Licensed child care facilities (centers and home-based). Existing facilities by September 2018, prior to licensure, and every 6 years thereafter. Sampling at all locations accessible to children or used to obtain water for consumption purposes. Equal to or greater than 15 ppb. Provide bottled water or use taps with samples <15 ppb, submit mitigation plan, and take corrective action. Results posted in building. Notify all parents and guardians of results. Oregon Administrative Rules
Rhode Island
(1998)
Licensed child care program. Prior to licensing and for license renewal if significant modifications made to plumbing system. Sampling at all locations used for food preparation, cooking, and/or drinking. Equal to or greater than 15 ppb in a flushed sample. Provide bottled water, label taps, and replace lead containing plumbing materials, or use certified filter. Regulations [PDF]

Regulations [PDF]
Vermont
(Sept. 2016)
Center-based child care and preschool programs. First-draw sample prior to licensing. Retest each year with flushed sample if elevated levels. Above Vermont standards (equal to or greater than 15 ppb). Remediate and retest if elevate. Provide bottled water until system meets standards. All testing results and relevant remediation plans provided to guardians. Rules [PDF]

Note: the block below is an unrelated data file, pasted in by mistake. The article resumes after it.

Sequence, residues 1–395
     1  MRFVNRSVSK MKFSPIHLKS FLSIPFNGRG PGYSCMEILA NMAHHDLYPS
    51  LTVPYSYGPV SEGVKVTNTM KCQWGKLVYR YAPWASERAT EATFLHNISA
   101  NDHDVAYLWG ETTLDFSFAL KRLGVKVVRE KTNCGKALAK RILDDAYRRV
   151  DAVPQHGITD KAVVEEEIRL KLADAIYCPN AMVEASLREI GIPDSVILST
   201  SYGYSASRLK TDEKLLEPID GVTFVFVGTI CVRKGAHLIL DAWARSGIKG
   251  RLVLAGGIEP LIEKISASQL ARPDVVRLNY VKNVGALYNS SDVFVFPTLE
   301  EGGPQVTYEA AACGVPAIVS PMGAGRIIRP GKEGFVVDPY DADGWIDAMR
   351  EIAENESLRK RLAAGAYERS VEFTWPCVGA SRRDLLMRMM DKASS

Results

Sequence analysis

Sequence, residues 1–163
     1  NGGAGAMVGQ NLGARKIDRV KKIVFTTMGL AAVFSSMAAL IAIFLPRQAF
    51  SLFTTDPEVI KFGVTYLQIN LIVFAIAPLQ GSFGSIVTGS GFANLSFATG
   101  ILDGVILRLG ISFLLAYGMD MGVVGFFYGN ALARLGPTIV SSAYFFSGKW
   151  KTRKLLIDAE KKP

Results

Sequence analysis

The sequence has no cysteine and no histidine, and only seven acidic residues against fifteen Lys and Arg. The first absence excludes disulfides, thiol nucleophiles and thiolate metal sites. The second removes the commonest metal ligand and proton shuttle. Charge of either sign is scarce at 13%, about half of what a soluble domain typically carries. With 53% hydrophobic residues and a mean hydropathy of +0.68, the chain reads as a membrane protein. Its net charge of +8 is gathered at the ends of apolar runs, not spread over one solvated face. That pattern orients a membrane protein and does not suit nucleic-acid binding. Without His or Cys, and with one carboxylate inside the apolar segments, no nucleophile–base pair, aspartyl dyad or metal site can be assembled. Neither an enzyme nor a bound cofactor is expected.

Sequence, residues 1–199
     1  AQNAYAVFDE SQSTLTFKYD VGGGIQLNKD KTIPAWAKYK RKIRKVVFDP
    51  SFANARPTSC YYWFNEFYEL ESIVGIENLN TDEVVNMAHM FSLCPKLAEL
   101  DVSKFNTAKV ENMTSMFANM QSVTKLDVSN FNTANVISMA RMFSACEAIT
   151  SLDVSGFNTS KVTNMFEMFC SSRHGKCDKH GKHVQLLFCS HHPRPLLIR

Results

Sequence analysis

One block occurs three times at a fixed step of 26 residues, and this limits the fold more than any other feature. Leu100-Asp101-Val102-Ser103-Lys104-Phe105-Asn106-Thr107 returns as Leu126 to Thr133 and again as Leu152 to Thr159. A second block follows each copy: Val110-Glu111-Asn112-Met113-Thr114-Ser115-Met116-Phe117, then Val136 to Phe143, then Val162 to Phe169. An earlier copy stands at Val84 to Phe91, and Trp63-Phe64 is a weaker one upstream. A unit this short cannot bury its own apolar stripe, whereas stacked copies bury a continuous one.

Washington
(May 2017)
Licensed early learning providers (centers and home-based). Existing facilities by November 2017, prior to licensing and every 6 years thereafter. Sampling at all locations used to obtain water for consumption. Above current EPA action level.3 Close the program or supply bottled water and consult with WADOH, notify state licensing agency. Notify parents if above action level and again when levels are below action level. Quality Standards [PDF]
New York City, NY
Sept. 2016
Child care programs (home-based not covered). Existing facilities, within 60 days of opening, and every 5 years thereafter. Sampling at all drinking water faucets and fountains. Equal to or greater than 15 ppb. Provide bottled water until remedial actions in corrective action plan completed. Results posted by city at Child Care Connect. Health Code [PDF]